The Power of One
The power has now shifted. John Howard has control of the Senate by a solitary vote and no matter where your politics lie, the earth has definitely moved.
Interview: On Holiday
Historian Richard White looks back on the Aussie vacation - and finds a way of life is under threat.,
Unions: One Day Longer
Nathan Brown travels to the Boeing picket line and find a group of workers with a steely determination to stick together.
Industrial: Never Mind the Bollocks
Jim Marr plays the Howard Government's industrial relations spin job on its merits.
Politics: Spun Out
Canberra’s latest campaign underlines the need for controls over government advertising, according to Graeme Orr and Joo-Cheong Tham
Economics: If the Grog Don't Get You ....
Evan Jones explains how the way we purchase alcolohol reflects the type of economy we live in.
History: Taking a Stand
Neale Towart looks at two books that chronicle how to build community support against social injustice.
International: The Split
Amanda Tattersal outsider's account of an insider's shake-out at the AFL-CIO Convention 2005
Legal: Pushing the Friendship
George Williams argues that the federal government’s constitutional powers are not sufficient to enact a comprehensive national industrial relations scheme
Poetry: Simple Subtractions
The latest blitz of taxpayer-funded advertising has revealed a crisis of arithmetic in government ranks has moved resident bard David Peetz to prose.
Review: Sydney Trashed
Sydney band SC Trash are on a mission to give new life to folk and country music – and the politics of common sense. Nathan Brown had a beer with them
“Disgusting” AWAs Court Out
Andrews Agenda Rolled in DEWR
Sick Days Get Hadgkiss Sniffing
Fun Guy Skips Work, Docks Staff
Nurse Launches Neighbourhood Alert
Security Staff Bush Whacked
Commo Bank Staff Force Smiles
Cameron Gets ‘Fair Dinkum’
Feds: Inconsistency “Not Inconsistent”
Telstra Dials Up Cash Grab
Howard Votes Family Last
PacNat Troops Won't Be Railroaded
All Aboard Vic Safety Train
Activist's What's On!
The Westie Wing
Our favourite MP, Ian West, goes away for a couple of weeks and look what happens…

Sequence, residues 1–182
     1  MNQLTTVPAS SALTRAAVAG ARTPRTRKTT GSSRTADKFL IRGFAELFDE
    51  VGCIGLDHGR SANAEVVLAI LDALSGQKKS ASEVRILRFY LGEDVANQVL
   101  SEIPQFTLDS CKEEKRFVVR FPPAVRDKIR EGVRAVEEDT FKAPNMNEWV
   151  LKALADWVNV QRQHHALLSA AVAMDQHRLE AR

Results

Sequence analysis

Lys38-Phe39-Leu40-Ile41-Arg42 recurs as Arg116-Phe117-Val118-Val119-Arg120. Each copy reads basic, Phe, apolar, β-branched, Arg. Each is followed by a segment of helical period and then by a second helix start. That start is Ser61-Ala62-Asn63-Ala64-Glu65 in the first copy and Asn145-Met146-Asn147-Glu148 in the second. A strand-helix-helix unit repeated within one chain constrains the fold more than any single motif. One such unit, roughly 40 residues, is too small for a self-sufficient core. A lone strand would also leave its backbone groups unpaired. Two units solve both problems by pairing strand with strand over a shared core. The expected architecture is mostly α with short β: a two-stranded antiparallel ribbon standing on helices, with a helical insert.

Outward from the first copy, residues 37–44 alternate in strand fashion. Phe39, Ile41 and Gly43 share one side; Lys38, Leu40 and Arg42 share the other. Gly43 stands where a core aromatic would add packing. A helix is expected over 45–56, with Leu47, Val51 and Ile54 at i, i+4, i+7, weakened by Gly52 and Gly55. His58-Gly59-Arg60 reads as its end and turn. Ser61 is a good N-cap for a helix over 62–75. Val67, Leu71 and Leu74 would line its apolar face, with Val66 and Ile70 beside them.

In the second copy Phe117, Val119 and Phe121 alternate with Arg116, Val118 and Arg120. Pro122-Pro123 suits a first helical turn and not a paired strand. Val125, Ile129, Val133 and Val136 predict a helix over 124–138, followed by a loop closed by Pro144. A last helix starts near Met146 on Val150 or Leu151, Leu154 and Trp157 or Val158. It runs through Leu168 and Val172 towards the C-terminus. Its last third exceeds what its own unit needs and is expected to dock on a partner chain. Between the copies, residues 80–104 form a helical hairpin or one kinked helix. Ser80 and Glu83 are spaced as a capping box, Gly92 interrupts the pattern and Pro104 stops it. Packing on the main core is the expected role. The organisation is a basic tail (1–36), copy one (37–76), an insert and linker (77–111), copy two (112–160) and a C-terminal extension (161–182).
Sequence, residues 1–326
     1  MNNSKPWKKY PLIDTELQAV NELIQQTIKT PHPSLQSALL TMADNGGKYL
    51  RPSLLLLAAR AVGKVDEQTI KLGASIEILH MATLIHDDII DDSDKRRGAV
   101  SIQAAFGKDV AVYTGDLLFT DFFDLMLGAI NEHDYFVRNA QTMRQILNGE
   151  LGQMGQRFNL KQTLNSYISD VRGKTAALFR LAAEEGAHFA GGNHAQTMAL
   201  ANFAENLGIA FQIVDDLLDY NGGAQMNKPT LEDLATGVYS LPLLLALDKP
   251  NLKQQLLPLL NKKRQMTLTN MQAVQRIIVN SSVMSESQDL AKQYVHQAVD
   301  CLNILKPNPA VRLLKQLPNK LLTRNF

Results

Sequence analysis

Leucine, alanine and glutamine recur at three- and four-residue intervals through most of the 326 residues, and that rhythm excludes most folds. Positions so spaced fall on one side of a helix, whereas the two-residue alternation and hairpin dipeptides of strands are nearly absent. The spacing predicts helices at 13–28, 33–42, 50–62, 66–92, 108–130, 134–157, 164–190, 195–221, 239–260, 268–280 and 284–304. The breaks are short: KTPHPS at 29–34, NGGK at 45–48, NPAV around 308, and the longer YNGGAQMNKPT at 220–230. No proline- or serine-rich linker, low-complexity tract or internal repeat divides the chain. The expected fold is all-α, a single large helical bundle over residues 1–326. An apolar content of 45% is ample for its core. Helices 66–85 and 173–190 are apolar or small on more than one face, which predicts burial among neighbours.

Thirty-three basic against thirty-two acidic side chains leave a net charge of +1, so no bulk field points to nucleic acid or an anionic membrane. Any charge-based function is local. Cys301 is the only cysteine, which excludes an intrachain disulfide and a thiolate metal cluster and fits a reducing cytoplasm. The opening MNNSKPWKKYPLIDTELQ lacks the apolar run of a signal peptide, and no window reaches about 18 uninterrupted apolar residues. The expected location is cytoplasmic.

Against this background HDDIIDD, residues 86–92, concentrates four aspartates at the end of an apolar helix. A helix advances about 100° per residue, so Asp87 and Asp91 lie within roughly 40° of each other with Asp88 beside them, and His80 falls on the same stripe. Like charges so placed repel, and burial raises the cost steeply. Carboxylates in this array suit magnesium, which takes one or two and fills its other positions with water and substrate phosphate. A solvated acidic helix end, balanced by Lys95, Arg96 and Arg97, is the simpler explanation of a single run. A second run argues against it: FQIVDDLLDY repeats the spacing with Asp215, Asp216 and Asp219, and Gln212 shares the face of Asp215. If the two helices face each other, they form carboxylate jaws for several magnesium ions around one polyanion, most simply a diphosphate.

The Last Weekend
Unions NSW secretary John Robertson's speech to the Last Weekend - how the Howard government laws will undermine the Ausrtalian way of life.
The Locker Room
A Concept Is Born
In which Phil Doyle helps the proponents of the vision thing across the road.
Workers Blood For Oil
A new book by Abdullah Muhsin and Alan Johnson lifts the lid on the bloody reality of US backed democracy for Iraq's trade unions
Farmers’ Best Friend
During his recent stay in London IEU industrial officer John Shapiro was living only a few hundred metres from the site of one of the bomb blasts.
Govt Has No Case
Logon to IR
Ears and Minds
Howard on the Couch
Kevin the Tool Man
Tom On Safety
|other LaborNET sites
Labor Council of NSW
Vic Trades Hall Council
IT Workers Alliance
Unions on LaborNET
Andrews Agenda Rolled in DEWR
Thousands of public servants have knocked off an AWA-driven campaign to undermine their wages and conditions.
CPSU members at the Department of Employment and Workplace Relations secured an in-principle deal, last week, that will maintain their access to the AIRC and deliver average 16 percent wage increases, over three years.
The agreement came eight months after their last EBA expired and followed a campaign of sporadic industrial action.
CPSU spokesperson, Stephen Jones, said the agreement was "very pleasing" and hailed the role of delegates and activists in rolling back the department's politically-motivated campaign.
"It's clear public sector workers are going to have to fight for their rights at work. If we are strategic and determined we can win."
During the 12-month stand-off, the CPSU accused DEWR or running its Minister Kevin Andrews' anti-union agenda.
The department initially rejected a union agreement but workers responded by overwhelmingly voting down its non-union alternative.
DEWR made AWAs compulsory for new starters, despite Prime Ministerial assurances that workers would be able to choose between collective agreements and government-favoured secret, individual contracts.
The final sticking point was its refusal to allow staff to put workplace disputes before the Industrial Relations Commission for resolution.
DEWR folded on that position, last week.
Workers Online understands the three-year wage settlement, built on a 12 percent floor, gives people under the collective agreement parity with those on AWAs.
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Issue 276 contents